Chinese data center company ChinData Group has filed for a US initial public offering.
The company, which will list under the ticker symbol 'CD,' is rumored to be looking to raise up to $400m.
Its SEC filing revealed several interesting details about the company, a majority Bain-owned business made out of ChinData and Bridge Data Centres - including the fact that a huge proportion of its revenue comes from one customer, the controversial Chinese firm ByteDance, which owns TikTok and is the subject of executive orders from President Trump.
Something about eggs and baskets
"We have in the past derived, and believe that we will continue to derive, a significant portion of our revenues from a limited number of clients," the filing states. "Revenues from ByteDance accounted for 68.2 percent and 81.6 percent of our total revenues in 2019 and for the six months ended June 30, 2020." That revenue came in at RMB581.8 million (US$82.3 million) and RMB661.5 million (US$93.6 million) respectively.
"Under the terms of our agreements with ByteDance, we customize data centers for ByteDance and provide ByteDance with comprehensive technical services for hyperscale data centers. ByteDance pays us service fees, such as cabinet fees and cabinet vacancy fees. The original contract term is typically ten years and the current contracts will expire between 2027 and 2030.
"These agreements will generally automatically renew if neither party notifies the other in writing that it will not renew the agreements within 30 days before the expiration and the renewal period will be separately discussed and agreed between the parties. As of the date of this prospectus, neither ByteDance nor we have early terminated any contracts."
The heavy reliance on a single company is a risk, ChinData admitted, and with that company being ByteDance that risk is potentially higher. The deal only covers services in China, where ByteDance operates the Douyin video clip sharing application.
Outside the Middle Kingdom, ByteDance operates TikTok, which US President Donald Trump has promised to ban if it is not sold to an American company this month. Microsoft, Walmart, and Oracle are all interested - but ByteDance is trying to fight the sale in court. ByteDance may also have to seek Chinese state approval for a sale, further complicating matters.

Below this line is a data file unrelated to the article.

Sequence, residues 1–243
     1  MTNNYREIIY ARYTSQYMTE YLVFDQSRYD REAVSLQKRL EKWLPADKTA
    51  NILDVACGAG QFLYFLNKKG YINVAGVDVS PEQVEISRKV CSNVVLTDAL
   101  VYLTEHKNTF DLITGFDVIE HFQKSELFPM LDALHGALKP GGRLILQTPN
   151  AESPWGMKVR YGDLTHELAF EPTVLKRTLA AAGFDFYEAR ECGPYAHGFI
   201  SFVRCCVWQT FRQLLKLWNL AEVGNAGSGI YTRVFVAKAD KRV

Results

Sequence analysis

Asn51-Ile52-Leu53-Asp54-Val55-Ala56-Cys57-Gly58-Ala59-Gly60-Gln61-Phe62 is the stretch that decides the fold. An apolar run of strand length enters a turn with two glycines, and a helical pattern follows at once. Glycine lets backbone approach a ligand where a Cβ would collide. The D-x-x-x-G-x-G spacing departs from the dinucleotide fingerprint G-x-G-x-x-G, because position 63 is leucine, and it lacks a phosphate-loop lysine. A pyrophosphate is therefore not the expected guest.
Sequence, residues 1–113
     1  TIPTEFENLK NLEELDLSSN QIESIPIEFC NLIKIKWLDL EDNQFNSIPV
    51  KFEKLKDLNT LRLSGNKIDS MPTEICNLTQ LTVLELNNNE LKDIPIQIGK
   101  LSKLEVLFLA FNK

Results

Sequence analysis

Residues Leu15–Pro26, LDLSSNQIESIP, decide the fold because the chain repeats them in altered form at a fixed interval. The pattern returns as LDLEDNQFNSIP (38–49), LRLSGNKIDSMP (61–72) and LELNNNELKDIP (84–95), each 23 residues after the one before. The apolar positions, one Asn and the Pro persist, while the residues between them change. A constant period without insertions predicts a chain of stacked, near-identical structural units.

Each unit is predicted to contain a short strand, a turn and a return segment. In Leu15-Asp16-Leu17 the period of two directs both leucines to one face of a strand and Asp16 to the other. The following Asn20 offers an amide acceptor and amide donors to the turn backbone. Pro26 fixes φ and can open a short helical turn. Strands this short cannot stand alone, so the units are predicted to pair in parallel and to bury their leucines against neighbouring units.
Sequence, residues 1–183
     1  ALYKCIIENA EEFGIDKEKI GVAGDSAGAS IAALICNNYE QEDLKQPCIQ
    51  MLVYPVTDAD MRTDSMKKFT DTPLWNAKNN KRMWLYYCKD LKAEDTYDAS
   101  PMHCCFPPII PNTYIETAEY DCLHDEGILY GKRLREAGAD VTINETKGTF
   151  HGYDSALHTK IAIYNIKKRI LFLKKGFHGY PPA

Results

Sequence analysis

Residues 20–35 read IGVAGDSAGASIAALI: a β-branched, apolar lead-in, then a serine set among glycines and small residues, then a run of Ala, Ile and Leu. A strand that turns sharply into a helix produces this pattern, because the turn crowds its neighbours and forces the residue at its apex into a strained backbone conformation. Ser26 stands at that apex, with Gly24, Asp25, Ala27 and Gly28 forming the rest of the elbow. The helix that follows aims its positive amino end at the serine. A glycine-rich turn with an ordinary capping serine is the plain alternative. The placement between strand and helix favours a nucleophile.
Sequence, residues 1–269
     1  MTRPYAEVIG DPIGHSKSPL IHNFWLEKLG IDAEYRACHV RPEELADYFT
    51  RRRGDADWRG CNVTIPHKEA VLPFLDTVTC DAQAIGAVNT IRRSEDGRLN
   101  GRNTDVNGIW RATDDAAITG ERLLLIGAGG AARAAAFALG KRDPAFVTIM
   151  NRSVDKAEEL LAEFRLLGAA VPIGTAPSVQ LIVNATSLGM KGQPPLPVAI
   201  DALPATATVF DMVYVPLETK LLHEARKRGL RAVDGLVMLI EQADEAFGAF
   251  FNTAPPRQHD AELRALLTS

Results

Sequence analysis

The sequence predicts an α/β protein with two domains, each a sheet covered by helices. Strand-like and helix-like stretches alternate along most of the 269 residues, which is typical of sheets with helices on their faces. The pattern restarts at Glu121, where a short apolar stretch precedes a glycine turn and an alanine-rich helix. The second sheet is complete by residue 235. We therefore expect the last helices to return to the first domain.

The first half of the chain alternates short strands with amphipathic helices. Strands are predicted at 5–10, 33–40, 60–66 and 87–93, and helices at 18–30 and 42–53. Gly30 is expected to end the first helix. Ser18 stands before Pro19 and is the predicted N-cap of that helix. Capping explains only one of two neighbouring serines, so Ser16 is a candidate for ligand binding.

"Although all of our business with ByteDance is based in China, as there are uncertainties regarding the interpretation and guidance to be issued by the US Department of Commerce, there is no assurance that we would not be treated as a person or entity subject to US jurisdiction, or that we would not be prohibited from entering into any transaction with ByteDance pursuant to the executive order," the filing notes.
"Should ByteDance cancel substantial projects or otherwise significantly reduce its volume of business with us as a result of the executive orders, our revenues and profitability would be materially reduced and our business and results of operations would be seriously harmed."
In addition to the ByteDance deals, ChinData has one other major customer - CDN Wangsu. The company accounted for 11.1 percent and 7.1 percent of total revenues in 2019 and for the six months ended June 30, 2020 ($13.5 million and $8.2 million).
ChinData's business is still very heavily reliant on Chinese revenues - with the prospectus revealing the company operates two wholesale data centers and six hyperscale facilities in China and one hyperscale data center in Malaysia for a total of 196MW. But the company adds that it is "constructing five data centers in China and one data center in India," which will bring an additional 234MW.
A further 65MW is contractually agreed with clients; "in aggregate, we expect our total data center capacity to reach at least 495 MW by the end of 2021."
Outside of hyperscale and wholesale data centers, the company provides data center colocation services at smaller retail data centers where ChinData or an intermediary rents capacity from third parties. "As of June 30, 2020, we provided data center colocation services at 45 retail data centers in China," the company said.
Its single overseas hyperscale data center also has a high profile tenant - "Microsoft is a client for our data center solutions in Malaysia," the filing says.
With the money raised from its IPO, ChinData hopes to expand across Southeast Asia, using 70 percent for development and construction of new data center projects and about 20 percent for potential investment or acquisition of assets. India was repeatedly highlighted as a country with large data center growth that ChinData was eyeing. However, as of now, the company only has six employees in India, out of a total 765. That overall figure is slightly down from 786 six months ago, but well above the 477 of late 2018.
The prospectus includes several other interesting tidbits, including the fact that it achieved "an average annual PUE for [its] data centers in service of 1.21 in 2019, approximately 27.5 percent lower than the global industry average annual PUE of 1.67 during the same period, according to Uptime Institute."
The company also claimed that its construction cost per MW of data center capacity in service in 2019 was $3.6 million per MW, around half of the global industry average using best practices for a data center with capacity of 20MW or more of $7-8 million, according to Uptime Institute.
"We are able to deliver a data center with 36MW of capacity in China within six months of breaking ground for the site. In contrast, the global industry average delivery time using best practices of a data center with a capacity of 20MW or more is approximately nine to ten months according to Uptime Institute," it said.